(...) another answer is that the hallways of power in Washington (both in the Fed and the Treasury) are peopled with first-rate economists who happen to be of the saltwater variety who believe that fiscal policy works and have developed a clear view of what they want to see done. Several of them are also economic historians who have studied the Great Depression in great detail and concluded that, maybe, policy actions did not do as much good as is sometimes asserted, but that inaction under the Hoover administration transformed the financial crash into a full-blown recession.
Now look at the hallways of power in continental Europe, and you will not find many economists, even fewer first-rate economists, and certainly no one who can claim any in-depth knowledge of the Great Depression. Confused policymakers cannot develop a macroeconomic strategy on their own. On the other hand, microeconomic policies are more reassuring, because they do not seem to involve general equilibrium reasoning. Policymakers like partial equilibrium reasoning – because it is easier but mainly because they can believe that they understand what they do. Of course, we know that partial equilibrium is dead wrong and that you never get what you expect.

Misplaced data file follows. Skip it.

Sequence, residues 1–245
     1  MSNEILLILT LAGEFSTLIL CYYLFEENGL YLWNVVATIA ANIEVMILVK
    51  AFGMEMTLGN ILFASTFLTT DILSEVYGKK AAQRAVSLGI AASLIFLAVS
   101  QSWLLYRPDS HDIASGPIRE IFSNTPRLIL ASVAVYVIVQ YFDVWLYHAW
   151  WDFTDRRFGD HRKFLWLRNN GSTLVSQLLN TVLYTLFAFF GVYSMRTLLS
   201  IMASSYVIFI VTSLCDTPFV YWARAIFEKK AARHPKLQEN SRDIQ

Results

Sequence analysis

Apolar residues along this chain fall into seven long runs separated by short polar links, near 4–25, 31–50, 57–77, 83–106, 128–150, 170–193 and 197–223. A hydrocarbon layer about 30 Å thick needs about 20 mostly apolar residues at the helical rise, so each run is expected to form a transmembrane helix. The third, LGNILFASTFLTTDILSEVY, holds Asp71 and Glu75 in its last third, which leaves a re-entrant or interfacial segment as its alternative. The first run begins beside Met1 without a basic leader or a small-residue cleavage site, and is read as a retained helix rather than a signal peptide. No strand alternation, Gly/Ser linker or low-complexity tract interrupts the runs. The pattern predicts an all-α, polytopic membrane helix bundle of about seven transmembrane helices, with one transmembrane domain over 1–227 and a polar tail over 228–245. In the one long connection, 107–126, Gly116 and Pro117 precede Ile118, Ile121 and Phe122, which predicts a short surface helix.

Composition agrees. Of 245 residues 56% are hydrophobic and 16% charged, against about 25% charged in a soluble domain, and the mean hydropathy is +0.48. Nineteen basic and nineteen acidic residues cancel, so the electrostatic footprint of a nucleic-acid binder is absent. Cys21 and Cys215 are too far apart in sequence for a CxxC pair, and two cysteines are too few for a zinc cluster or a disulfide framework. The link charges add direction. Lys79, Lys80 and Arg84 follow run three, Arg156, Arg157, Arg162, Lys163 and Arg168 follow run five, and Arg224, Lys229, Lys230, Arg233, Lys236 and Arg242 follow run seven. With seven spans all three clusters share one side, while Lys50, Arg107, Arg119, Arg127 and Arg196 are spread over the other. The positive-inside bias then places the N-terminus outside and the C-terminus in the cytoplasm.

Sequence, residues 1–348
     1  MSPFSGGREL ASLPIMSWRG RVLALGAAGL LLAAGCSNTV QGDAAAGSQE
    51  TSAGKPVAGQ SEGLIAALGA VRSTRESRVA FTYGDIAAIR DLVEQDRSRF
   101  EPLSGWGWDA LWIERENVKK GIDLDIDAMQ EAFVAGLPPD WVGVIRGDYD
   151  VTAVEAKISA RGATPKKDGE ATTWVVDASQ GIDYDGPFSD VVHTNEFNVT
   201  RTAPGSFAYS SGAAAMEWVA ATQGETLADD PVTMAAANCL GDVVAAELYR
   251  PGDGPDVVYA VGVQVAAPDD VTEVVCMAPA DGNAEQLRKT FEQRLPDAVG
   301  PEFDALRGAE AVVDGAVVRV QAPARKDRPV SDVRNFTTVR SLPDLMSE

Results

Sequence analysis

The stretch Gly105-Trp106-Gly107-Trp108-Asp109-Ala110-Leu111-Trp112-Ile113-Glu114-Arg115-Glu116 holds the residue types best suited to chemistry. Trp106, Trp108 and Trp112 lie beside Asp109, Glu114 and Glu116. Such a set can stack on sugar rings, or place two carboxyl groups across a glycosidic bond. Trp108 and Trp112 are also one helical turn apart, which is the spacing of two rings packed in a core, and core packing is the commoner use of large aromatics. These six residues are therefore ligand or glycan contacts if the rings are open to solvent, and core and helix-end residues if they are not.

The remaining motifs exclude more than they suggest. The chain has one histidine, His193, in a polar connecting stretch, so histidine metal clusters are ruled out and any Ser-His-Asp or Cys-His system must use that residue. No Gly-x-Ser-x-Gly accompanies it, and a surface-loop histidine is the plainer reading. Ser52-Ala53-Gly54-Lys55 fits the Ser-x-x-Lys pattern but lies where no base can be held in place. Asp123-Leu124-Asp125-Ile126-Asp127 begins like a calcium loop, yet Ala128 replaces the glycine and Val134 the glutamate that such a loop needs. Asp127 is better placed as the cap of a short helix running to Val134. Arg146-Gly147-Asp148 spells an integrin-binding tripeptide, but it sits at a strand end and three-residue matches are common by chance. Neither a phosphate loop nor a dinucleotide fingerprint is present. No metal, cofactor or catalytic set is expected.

Donnerstag, 19. März 2009
Nachtrag nur für Ökonomen
Wypolsz spricht in seinem Artikel über die transatlantische Divergenzen die Krise anzugehen auch an, dass auch die ökonomische Qualität der politischen Entscheidungsträger einen Unterschied zwischen dem amerikanischen und europäischen Einsatz machen könnte: